See, Navajo indians may know “cloud rock” from stories told by their elders and they may know the exact day in the year when the “eagle moon embraces“ it… but you – sitting in your cryptanalysis room in Japan – have a rather minimal chance of even grasping half of it.

All in all, the use of Navajo boils down to a suplemental layer of “security through obscurity”. Maybe it helps if you think of the Navajo communicators as “living codebooks”. Embedding them (especially in key positions) added an additional layer of security to the already used cryptographic protection during radio communication et al.

In fact, take the actively used (radio) encryption during WW2 and add a layer of Navajo language use on top of it, and you’ll end up with something that could almost be called “double encryption”.

edit

To answer the additional question from your comment (now follow-up question added as an edit)…

I think both of these are good explanations of why this scheme worked. From your explanations it seems to me the primary reason it wasn't broken is because it happened 70 years ago. Am I correct in saying this would never work today?

Under most conditions – Yes, that’s correct.

Of course, this depends on the exact situation. The reason I’m saying that is that there aren’t many Navajos living today (last I heard was something in the thousands). Some specific scenarios might change that “yes” to a “no”. But generally, looking at the means (and resources) available today, I tend to say that – in contrast to the WW2 – they indeed wouldn’t be very helpfull in terms of security. Actually, it’s like using the Klingon language from Star Trek, or Elvish from Lord of the Rings… as long as only a few know it, it might add a minimal bit of security. But nowadays, you can even take online courses to learn Klingon, Elvish, etc. Back in 194-something, the situation was quite different.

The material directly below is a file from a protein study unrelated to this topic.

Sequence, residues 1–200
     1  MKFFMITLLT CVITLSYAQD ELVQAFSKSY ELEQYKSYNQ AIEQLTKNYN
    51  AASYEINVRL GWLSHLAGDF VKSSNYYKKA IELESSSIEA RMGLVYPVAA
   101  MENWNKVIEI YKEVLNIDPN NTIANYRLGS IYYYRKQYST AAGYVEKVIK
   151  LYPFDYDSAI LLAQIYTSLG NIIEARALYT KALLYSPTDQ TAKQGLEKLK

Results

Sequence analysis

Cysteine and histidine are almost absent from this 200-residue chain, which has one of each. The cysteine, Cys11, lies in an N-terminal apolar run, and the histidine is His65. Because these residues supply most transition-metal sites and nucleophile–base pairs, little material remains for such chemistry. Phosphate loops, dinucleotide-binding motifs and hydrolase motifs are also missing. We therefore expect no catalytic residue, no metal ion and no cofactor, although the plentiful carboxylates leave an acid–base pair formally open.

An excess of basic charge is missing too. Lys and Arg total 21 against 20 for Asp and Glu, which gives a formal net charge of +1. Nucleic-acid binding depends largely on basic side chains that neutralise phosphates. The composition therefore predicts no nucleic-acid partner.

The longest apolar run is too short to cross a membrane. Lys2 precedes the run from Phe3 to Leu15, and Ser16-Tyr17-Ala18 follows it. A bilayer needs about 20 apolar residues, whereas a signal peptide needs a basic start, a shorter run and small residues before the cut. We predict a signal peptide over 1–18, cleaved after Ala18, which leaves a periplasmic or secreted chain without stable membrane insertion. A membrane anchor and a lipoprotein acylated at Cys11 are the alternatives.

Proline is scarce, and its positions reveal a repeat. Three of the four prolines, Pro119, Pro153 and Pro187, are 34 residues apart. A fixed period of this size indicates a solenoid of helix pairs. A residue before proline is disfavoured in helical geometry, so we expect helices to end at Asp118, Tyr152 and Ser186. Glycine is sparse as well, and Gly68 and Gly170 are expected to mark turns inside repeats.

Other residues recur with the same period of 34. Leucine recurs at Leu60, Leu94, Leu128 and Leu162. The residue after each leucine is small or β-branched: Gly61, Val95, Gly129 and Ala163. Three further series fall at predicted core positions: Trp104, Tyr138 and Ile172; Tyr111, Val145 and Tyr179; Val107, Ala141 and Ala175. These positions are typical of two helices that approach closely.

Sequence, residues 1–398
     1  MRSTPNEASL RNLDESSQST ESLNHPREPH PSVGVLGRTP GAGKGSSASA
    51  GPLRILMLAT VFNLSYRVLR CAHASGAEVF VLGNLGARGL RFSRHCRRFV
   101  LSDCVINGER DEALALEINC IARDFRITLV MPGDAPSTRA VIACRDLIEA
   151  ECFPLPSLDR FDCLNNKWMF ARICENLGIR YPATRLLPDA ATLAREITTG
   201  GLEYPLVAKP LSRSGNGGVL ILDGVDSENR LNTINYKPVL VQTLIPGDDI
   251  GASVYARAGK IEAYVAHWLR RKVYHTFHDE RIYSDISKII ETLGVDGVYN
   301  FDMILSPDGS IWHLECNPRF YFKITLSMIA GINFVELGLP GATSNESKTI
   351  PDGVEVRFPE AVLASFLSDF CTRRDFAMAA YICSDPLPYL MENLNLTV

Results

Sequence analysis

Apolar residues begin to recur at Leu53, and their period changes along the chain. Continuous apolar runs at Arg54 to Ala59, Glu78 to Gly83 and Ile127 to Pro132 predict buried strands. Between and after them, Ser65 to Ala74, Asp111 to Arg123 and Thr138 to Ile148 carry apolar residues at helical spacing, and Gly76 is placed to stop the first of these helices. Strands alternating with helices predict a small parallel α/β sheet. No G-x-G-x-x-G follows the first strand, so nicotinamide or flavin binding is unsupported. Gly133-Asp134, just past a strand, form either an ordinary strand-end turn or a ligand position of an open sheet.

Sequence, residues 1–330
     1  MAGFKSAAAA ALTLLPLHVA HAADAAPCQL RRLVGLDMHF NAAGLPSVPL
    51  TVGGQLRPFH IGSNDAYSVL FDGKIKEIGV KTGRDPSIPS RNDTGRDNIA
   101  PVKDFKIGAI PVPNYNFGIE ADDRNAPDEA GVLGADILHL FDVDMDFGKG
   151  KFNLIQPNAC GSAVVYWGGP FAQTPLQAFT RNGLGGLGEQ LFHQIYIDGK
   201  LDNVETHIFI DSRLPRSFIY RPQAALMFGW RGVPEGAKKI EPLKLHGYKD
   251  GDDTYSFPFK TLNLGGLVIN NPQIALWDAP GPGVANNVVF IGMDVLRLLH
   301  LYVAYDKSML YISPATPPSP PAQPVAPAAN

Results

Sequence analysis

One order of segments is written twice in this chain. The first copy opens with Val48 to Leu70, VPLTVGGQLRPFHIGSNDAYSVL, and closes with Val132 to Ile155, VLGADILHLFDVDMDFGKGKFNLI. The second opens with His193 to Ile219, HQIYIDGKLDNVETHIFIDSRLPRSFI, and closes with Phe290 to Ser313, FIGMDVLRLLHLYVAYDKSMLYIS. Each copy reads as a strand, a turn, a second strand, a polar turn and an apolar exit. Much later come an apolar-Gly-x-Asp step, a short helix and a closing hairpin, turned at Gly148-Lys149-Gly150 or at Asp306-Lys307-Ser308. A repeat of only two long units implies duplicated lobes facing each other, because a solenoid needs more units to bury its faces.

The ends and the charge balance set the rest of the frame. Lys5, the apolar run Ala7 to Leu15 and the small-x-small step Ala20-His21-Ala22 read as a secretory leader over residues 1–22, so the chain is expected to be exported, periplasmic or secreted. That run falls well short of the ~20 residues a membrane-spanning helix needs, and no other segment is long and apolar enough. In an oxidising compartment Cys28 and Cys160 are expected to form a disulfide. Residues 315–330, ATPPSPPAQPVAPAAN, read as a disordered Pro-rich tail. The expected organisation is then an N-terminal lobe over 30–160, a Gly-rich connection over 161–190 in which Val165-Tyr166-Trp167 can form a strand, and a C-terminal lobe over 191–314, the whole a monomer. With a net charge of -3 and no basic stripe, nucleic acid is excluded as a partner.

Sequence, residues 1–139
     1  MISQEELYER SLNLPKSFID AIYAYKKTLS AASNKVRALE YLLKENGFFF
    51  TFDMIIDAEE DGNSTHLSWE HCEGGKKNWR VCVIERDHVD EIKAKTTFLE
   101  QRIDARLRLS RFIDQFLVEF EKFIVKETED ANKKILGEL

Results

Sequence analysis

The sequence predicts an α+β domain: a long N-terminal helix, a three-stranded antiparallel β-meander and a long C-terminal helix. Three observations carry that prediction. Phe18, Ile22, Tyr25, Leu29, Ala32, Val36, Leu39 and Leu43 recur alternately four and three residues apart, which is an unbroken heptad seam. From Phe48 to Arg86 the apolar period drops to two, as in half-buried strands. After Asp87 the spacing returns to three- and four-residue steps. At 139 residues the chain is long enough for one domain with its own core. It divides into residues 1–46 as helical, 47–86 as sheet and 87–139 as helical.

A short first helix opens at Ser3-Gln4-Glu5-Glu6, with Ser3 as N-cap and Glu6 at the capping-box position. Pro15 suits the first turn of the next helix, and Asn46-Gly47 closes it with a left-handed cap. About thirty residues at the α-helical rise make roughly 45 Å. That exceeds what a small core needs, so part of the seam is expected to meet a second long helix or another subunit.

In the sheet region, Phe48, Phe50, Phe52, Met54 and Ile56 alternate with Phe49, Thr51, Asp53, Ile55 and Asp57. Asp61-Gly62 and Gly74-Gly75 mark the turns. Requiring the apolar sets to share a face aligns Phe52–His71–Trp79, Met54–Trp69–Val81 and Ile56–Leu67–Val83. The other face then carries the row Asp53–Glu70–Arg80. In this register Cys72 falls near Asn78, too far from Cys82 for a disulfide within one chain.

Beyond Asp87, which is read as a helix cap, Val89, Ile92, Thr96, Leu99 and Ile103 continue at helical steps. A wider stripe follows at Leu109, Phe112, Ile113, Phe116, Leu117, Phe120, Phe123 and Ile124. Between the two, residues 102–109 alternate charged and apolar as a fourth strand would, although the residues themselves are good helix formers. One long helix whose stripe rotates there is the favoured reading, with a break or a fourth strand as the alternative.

As an aside: I used the name “Joe” on purpose, since it was a commonly used nickname for US-American soldiers during World War 2. Another example of such a naming would be “Tommy“, which was used to hint at English soldiers.

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  • $\begingroup$ The USA did not have "encrypted radio" in WW2. The Navajo code was the only layer. The signal itself could (and was) easily intercepted. $\endgroup$ – Henno Brandsma Mar 27 '18 at 7:28
  • $\begingroup$ @HennoBrandsma I didn't mean encrypted radio as in scrambled signals, but rather as in coded communications — the encryption which was used to transmit/radio valuable messages. (Think: Purple, Enigma, ECM Mark Ii, etc. Also, you should note "Navajo code" != "plain Navajo language" The Navajo "windtalkers" transmitted tactical messages over military telephone or radio communications nets using formal or informally developed codes and code-words built upon their native languages.) $\endgroup$ – e-sushi Mar 28 '18 at 3:25
  • $\begingroup$ The "code" itself was rather primitive, the fact that even plain language was totally incomprehensible to the Japanese was the largest factor in its success. $\endgroup$ – Henno Brandsma Mar 28 '18 at 4:02
  • $\begingroup$ @HennoBrandsma I definitely won't disagree with that. Btw.: Should I reword something to enhance the answer, or did my comment clarification suffice? $\endgroup$ – e-sushi Mar 28 '18 at 4:09
  • $\begingroup$ I get what you mean. Let the comments stand as clarification. $\endgroup$ – Henno Brandsma Mar 28 '18 at 4:11
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The "descriptive" language aspects certainly adds ambiguity in the word-symbols used, and thus entropy. If a rocket is one time described as "a spear that giants appreciate as a marital aid", the next time as "an opaque bottle filled with what decisively gives things direction", yet another time as "wisps smoke and fire chasing a wisp of steel" or "what lives by an orange fart, and dies by an orange fart" (none of these are Navajo, they are my own twisted ad-hoc inventions) - there is very little similarity in multiple plaintexts that describe the same thing, while descriptions for completely different things would appear very similar when trying to establish a pattern - "a transparent bottle filled with what decisively frees men of direction" is more likely to describe supplies for the officer's mess...

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There were only 400 code talkers. In the wider context of a war spanning the pacific with millions of participants, there were bigger fish to fry.